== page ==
Dubai’s yachts offer socially-distanced luxury

Dubai’s yachts offer socially-distanced luxury
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Updated 14 June 2021

Dubai’s yachts offer socially-distanced luxury

Dubai’s yachts offer socially-distanced luxury

Dubai earned a reputation for delivering luxury for those with cash to splash years ago, but amid the Covid-19 pandemic, a new mode of travel has become popular — yachts.

Dozens of white yachts are seen every day zipping through the emirate’s bays, canals and islands, while others are docked along the coast in Gulf waters overlooking the skyline of high-rise towers.
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New Zealand navy ships taking water, other supplies to tsunami-hit Tonga

New Zealand navy ships taking water, other supplies to tsunami-hit Tonga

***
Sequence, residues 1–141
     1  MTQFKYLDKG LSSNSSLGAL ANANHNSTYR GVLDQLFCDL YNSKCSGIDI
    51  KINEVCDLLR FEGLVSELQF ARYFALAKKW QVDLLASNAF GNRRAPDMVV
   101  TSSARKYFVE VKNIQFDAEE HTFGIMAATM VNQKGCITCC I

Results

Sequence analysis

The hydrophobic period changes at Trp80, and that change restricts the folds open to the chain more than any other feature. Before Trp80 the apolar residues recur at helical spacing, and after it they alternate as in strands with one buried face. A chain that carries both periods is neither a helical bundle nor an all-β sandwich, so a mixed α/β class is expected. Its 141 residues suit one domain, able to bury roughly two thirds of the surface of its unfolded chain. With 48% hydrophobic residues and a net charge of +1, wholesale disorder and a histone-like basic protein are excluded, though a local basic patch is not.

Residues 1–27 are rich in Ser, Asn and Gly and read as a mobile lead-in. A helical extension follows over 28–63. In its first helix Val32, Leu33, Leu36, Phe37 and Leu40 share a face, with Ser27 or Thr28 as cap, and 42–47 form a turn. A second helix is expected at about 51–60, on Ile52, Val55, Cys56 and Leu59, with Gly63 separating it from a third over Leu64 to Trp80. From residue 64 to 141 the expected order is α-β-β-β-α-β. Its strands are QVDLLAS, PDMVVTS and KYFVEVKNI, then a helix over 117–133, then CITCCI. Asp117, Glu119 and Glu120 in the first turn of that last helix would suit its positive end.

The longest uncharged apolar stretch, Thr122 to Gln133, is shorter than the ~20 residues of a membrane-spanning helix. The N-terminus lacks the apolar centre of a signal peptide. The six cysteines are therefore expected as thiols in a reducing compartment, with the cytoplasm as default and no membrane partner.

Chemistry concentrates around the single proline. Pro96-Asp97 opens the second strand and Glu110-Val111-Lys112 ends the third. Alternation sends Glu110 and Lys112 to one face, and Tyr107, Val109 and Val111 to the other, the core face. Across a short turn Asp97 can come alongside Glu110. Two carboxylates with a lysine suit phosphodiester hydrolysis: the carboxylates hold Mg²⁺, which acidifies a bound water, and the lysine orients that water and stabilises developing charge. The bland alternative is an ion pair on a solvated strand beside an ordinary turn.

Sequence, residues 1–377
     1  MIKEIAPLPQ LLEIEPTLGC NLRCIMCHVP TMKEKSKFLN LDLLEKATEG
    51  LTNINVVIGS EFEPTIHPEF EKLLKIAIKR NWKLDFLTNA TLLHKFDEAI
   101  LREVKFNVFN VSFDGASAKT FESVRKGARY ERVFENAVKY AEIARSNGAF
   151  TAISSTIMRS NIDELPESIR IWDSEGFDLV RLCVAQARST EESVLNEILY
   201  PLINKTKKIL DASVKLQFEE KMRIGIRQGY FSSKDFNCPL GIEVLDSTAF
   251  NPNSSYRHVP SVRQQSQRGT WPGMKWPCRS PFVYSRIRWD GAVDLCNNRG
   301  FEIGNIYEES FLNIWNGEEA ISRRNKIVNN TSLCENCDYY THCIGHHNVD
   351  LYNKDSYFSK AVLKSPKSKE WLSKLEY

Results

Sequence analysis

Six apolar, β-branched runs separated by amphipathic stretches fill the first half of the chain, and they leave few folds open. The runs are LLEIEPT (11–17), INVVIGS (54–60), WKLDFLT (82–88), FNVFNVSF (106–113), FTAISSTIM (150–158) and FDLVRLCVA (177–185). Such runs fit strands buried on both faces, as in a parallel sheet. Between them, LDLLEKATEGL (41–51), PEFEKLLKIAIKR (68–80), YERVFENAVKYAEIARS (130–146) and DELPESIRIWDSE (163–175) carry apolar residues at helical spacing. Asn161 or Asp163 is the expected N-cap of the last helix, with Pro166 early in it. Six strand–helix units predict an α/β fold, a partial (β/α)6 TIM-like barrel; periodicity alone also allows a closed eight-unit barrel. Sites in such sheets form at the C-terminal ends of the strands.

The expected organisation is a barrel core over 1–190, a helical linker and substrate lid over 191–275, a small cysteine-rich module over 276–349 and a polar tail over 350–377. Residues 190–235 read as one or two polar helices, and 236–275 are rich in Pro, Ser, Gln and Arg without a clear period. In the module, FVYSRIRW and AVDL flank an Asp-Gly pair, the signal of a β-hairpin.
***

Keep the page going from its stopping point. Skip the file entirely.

Updated 4 min 50 sec ago

New Zealand navy ships taking water, other supplies to tsunami-hit Tonga

New Zealand navy ships taking water, other supplies to tsunami-hit Tonga
  • Hundreds of homes in Tonga’s smaller outer islands have been destroyed
  • Tonga is one of the few countries that is COVID-19 free and an outbreak there would disastrous

Two New Zealand navy vessels will arrive in Tonga on Friday, carrying much-needed water and other supplies for the Pacific island nation reeling from a volcanic eruption and tsunami, and largely cut off from the outside world.